When Stephen Mangold began his working career in the family business of Mangolds more than five decades ago, golf clubs were run very differently.
“Back in those days, when our company had acquired the Ryan Turf maintenance equipment agency for South Africa, golf clubs were managed by a club secretary, a resident golf professional and a greenkeeper. Often the club pro would double up as the person responsible for the upkeep of the course. The game was relatively affordable, but of course standards of turf conditioning was nowhere near what they are today, and even having an irrigation system, much less one operated via a computer, would have been considered the stuff of science fiction,” he says.
“Levels of expertise in all aspects of management at clubs have improved considerably, and there has been a huge change in turf maintenance equipment; a huge amount of research and development has resulted in machines that are far more sophisticated. When our company secured the Jacobsen agency for South Africa, I became involved in the golf side of our business full time. Up to then we had focused on turf aerators, scarifiers, sweepers and sod-cutters, and we supplied landscapers, and various sports facilities,” he adds.
The Mangold company was bought by CSE in 1993, at a time when the golf estate boom was gaining traction, there were umpteen golf estates being developed, and until the early 2000s, it seemed there would be no end to this frantic development.
“Looking back, it is interesting to see how club management evolved – and most of our big clubs today are run more like small corporations; CEOs in charge, assisted by financial managers and other people such as event/marketing managers etc. It has also been fascinating to see how the game itself has been changed by the introduction of high-tech equipment and much-improved golf balls that fly further and straighter. Just how much this technology has benefitted the average golfer can be questioned, because average handicaps haven remained much the same as when I joined Bryanston Country Club more than 40 years ago. The game is still about trying to get a little ball into the hole in the fewest number of shots,” says Mangold.
With the increased demand for perfectly groomed golf courses, few golfers have an understanding of what this entails, and the costs of keeping a large staff and a sizeable fleet of equipment. “I can sympathise with course superintendents – many of whom are expected to work wonders with limited resources. I cannot see this situation changing anytime soon, and as long as our currency remains undervalued against hard currencies, it will be difficult for clubs to justify spending the sort of money required to keep their courses in excellent shape. Many are nervous about passing on these costs to the consumer for fear of losing members and visitors – it is a difficult situation,” admits Mangold.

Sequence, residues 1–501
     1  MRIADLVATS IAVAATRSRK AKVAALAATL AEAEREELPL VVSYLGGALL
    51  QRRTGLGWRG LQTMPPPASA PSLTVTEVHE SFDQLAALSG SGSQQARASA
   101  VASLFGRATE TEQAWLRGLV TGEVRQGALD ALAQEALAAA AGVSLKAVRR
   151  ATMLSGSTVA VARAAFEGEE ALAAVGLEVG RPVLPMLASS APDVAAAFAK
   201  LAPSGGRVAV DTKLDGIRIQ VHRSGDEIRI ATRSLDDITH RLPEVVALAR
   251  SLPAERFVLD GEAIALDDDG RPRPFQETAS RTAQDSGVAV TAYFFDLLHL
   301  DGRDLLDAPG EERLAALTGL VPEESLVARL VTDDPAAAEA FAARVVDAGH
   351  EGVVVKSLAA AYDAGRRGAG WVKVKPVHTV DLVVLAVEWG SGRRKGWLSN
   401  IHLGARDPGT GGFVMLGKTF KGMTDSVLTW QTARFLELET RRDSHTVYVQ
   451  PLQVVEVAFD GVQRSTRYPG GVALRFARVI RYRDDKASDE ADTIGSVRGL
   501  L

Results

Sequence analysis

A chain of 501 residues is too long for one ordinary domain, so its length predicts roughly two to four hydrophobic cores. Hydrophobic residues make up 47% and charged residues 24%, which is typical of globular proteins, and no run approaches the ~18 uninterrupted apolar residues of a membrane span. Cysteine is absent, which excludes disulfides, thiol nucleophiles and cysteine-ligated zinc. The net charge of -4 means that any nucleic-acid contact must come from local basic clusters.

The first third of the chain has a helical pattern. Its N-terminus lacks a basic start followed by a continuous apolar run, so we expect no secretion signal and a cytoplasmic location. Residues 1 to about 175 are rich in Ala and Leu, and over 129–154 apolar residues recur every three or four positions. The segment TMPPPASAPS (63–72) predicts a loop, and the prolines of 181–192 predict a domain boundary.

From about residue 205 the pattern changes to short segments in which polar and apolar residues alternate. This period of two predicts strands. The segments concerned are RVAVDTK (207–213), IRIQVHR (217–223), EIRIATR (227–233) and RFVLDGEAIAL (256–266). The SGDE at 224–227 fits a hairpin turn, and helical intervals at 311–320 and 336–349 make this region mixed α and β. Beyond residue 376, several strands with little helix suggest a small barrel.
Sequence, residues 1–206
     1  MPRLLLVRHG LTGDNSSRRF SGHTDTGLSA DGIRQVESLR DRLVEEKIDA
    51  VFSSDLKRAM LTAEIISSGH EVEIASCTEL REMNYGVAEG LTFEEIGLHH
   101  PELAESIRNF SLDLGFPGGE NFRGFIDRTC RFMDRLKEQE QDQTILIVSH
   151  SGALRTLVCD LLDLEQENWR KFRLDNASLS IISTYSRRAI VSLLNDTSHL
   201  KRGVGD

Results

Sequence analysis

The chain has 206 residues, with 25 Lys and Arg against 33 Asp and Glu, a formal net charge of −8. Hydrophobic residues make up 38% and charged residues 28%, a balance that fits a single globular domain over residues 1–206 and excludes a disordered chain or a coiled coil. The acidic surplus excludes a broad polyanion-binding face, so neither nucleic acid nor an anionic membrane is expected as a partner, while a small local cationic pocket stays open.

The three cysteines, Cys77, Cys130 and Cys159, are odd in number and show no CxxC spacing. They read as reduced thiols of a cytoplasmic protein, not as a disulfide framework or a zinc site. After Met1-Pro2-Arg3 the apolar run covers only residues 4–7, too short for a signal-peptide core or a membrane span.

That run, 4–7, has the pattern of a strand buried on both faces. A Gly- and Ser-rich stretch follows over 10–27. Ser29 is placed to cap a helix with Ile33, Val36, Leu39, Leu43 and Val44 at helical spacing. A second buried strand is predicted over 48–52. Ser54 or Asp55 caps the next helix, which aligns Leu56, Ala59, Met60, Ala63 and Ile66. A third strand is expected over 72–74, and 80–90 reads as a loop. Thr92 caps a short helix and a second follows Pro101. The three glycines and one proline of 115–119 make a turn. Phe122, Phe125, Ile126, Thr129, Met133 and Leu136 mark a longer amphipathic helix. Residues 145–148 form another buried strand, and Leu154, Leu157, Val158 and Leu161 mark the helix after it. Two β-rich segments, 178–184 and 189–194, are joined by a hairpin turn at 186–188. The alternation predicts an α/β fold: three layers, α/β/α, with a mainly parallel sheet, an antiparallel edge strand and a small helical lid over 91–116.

After being in the maintenance equipment business for so long, when Smith Power took over the Club Car agency, Steve Mangold was the obvious person to take over the sales function of these golf cars, which he didn’t find to be too difficult. “When Club Car was added to our product range, the fundamental difference was that when clubs decide to replace a fleet of carts, they realize that they are investing in a revenue generator, whereas replacing maintenance machines, the effect of this is not seen on the bottom line – at least not in the short term,” he adds. “Anyone in sales has to have confidence in the products they sell, and I must say that like the Toro brand, Club Car has earned an excellent global reputation, and our company is proud of the relationships we have built up with our customers over the years. We go to great lengths to exceed expectations when it comes to service. Price is obviously important, and we do everything we can to offer the best possible deals, which means operating on extremely tight margins.”
Although Mangold has no delusions regarding the difficult economic conditions being faced by golf clubs over the next few years, he does believe that the club business will bounce back as it has always done in the past. “It seems to me that time constraints on golfers is just one of the problems, and creating an experience is important – the traditional club culture has changed, and in promoting the game, the modern club will have to cater to younger market, and offer family-friendly facilities. I can foresee successful clubs becoming lifestyle centers with golf being just one of the attractions.”
Contact Stephan Mangold on email: firstname.lastname@example.org or 082 882 6935.
You can download the article in PDF. GCM – Jan/Feb 2016 Edition.
For more information please contact Smith Power Equipment on 011 284 2000.